Discussion

Despite many irregularities in dating, proxy interpretation, and site analysis, a number of records along the PEP 1 transect contain full glacial to early Holocene paleolimnological information that identifies the past distribution and strength of large-scale climate processes affecting lake levels and limnological processes (Fig. 22). The northernmost record, Lake Zagoskin, reflects a warming of global climate related to shrinkage of continental ice sheets in the Northern Hemisphere. The persistence of ice in Canada throughout much of the late glacial period has compromised the search for full and late glacial records at those latitudes. Presumably, such records would also document progressive limnologic change related mostly to ice disappearance and replacement of anticyclonic circulation around the ice sheet by jet stream- (westerly) dominated climate systems present today.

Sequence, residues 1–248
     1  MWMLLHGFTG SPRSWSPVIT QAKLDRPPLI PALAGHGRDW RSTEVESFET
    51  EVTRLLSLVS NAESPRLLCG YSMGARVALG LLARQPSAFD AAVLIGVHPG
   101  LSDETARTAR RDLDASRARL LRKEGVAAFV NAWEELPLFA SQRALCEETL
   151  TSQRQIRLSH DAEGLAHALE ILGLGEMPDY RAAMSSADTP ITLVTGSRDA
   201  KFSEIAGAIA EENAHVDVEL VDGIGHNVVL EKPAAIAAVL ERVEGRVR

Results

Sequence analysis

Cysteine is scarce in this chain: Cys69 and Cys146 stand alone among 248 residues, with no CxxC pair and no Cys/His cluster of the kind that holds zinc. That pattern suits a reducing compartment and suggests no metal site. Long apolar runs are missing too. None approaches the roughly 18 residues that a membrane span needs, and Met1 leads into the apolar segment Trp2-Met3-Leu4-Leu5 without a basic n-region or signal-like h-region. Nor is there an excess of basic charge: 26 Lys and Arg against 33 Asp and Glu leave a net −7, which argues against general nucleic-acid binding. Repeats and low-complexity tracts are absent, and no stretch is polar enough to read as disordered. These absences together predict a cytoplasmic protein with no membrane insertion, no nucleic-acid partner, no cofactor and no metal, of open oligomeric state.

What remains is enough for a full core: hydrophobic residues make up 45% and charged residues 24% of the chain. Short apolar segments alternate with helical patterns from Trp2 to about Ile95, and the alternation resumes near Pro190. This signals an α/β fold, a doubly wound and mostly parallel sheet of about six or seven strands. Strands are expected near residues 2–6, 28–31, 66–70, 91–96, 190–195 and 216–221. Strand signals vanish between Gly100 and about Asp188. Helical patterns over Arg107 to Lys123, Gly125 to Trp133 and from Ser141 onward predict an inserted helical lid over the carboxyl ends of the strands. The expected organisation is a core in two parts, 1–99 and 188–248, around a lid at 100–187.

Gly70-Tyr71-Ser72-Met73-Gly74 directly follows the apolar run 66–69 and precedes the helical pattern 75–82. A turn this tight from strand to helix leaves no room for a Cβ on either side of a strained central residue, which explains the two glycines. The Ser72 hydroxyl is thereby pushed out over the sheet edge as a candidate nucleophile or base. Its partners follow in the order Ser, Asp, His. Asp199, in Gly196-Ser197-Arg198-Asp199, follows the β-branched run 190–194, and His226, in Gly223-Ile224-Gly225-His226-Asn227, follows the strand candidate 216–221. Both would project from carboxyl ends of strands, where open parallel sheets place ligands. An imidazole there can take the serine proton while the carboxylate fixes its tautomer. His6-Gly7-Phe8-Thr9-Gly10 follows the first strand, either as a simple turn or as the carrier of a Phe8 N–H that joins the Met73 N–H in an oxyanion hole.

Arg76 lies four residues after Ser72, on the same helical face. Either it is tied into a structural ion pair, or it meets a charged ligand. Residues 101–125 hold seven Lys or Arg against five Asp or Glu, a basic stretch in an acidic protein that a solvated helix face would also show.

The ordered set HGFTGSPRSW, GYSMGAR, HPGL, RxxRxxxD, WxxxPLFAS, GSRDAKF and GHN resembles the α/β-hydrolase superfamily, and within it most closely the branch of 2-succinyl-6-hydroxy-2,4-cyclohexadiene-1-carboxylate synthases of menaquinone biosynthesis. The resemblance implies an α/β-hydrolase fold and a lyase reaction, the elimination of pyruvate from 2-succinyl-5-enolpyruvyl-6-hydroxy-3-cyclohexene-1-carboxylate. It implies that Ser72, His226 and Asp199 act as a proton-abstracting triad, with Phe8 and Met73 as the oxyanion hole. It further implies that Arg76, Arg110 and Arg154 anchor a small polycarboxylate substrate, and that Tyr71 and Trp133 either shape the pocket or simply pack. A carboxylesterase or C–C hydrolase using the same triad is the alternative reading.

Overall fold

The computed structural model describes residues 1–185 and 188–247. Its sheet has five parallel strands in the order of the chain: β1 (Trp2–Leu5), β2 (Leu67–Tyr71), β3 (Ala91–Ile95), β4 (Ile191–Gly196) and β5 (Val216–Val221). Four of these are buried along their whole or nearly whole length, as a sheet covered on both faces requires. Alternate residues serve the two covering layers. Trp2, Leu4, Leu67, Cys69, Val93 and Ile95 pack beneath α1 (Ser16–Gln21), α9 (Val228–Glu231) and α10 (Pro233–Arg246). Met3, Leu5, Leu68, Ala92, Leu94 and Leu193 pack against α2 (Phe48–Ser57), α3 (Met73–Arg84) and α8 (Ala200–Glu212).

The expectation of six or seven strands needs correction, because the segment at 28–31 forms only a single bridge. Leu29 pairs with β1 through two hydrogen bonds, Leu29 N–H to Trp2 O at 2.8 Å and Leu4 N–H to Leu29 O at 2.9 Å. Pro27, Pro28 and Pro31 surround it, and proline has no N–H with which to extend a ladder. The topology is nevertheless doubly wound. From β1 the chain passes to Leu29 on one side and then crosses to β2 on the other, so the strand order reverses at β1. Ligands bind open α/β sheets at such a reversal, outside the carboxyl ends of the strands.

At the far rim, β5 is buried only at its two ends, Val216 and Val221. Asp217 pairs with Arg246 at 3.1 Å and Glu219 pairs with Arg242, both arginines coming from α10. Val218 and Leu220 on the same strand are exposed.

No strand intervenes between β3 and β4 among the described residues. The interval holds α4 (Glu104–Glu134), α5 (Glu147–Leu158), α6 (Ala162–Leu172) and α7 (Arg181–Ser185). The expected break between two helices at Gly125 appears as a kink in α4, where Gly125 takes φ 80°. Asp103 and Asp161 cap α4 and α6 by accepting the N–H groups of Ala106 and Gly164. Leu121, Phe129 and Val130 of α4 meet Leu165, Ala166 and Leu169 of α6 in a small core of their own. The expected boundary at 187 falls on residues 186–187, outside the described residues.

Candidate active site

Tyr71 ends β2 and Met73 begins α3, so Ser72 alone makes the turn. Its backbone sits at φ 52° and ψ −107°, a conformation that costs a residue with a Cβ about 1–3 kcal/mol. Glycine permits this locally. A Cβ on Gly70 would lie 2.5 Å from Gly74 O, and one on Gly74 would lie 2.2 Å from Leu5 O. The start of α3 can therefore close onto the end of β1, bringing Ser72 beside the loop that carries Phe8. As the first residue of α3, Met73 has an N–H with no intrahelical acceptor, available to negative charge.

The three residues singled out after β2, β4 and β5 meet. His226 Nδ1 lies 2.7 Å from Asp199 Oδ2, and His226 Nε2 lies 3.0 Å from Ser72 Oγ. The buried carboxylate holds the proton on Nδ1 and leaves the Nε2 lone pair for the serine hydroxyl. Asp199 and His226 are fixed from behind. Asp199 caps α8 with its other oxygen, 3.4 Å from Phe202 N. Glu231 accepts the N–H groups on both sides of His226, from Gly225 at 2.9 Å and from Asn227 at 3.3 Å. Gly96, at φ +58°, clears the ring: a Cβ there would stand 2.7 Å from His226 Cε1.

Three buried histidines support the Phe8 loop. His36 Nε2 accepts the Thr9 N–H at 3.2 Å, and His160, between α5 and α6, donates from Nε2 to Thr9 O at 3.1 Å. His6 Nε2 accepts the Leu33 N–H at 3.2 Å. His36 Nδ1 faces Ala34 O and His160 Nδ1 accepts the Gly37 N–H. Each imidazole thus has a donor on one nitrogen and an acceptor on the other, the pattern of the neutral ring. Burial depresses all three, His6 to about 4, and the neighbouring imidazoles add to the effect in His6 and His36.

The Klamath Lake record from Caledonia Marsh appears to document the retreat of cold, dry, easterly circulation around the ice sheet-induced, high-pressure system and its replacement by westerly storm tracks. It is difficult to tell from this lake margin site to what extent late glacial limnological fluctuations reflect pro-

FIGURE 21 Lake stage elevation curves for Lago sa. (Data from Stine and Stine, 1990.)

FIGURE 21 Lake stage elevation curves for Lago sa. (Data from Stine and Stine, 1990.)

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